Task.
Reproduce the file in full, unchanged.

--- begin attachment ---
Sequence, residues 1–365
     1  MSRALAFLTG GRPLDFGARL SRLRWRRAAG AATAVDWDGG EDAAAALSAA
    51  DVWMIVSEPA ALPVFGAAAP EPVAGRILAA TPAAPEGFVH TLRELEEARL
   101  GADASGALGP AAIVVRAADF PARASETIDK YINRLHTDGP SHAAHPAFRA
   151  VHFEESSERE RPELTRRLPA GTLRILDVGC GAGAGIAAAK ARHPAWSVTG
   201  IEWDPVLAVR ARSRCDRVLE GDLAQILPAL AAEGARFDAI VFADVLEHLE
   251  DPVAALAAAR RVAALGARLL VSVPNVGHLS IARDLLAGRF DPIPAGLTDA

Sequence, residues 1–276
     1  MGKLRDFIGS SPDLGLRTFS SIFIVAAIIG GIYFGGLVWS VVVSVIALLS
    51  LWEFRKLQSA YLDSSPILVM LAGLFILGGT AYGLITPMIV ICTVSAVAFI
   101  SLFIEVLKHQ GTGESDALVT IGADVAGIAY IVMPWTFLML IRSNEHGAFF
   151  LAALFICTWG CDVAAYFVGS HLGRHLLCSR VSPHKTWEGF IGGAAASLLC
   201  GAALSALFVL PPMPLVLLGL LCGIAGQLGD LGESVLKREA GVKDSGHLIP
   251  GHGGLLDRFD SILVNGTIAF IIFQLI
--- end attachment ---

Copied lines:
Sequence, residues 1–365
     1  MSRALAFLTG GRPLDFGARL SRLRWRRAAG AATAVDWDGG EDAAAALSAA
    51  DVWMIVSEPA ALPVFGAAAP EPVAGRILAA TPAAPEGFVH TLRELEEARL
   101  GADASGALGP AAIVVRAADF PARASETIDK YINRLHTDGP SHAAHPAFRA
   151  VHFEESSERE RPELTRRLPA GTLRILDVGC GAGAGIAAAK ARHPAWSVTG
   201  IEWDPVLAVR ARSRCDRVLE GDLAQILPAL AAEGARFDAI VFADVLEHLE
   251  DPVAALAAAR RVAALGARLL VSVPNVGHLS IARDLLAGRF DPIPAGLTDA

Sequence, residues 1–276
     1  MGKLRDFIGS SPDLGLRTFS SIFIVAAIIG GIYFGGLVWS VVVSVIALLS
    51  LWEFRKLQSA YLDSSPILVM LAGLFILGGT AYGLITPMIV ICTVSAVAFI
   101  SLFIEVLKHQ GTGESDALVT IGADVAGIAY IVMPWTFLML IRSNEHGAFF
   151  LAALFICTWG CDVAAYFVGS HLGRHLLCSR VSPHKTWEGF IGGAAASLLC
   201  GAALSALFVL PPMPLVLLGL LCGIAGQLGD LGESVLKREA GVKDSGHLIP
   251  GHGGLLDRFD SILVNGTIAF IIFQLI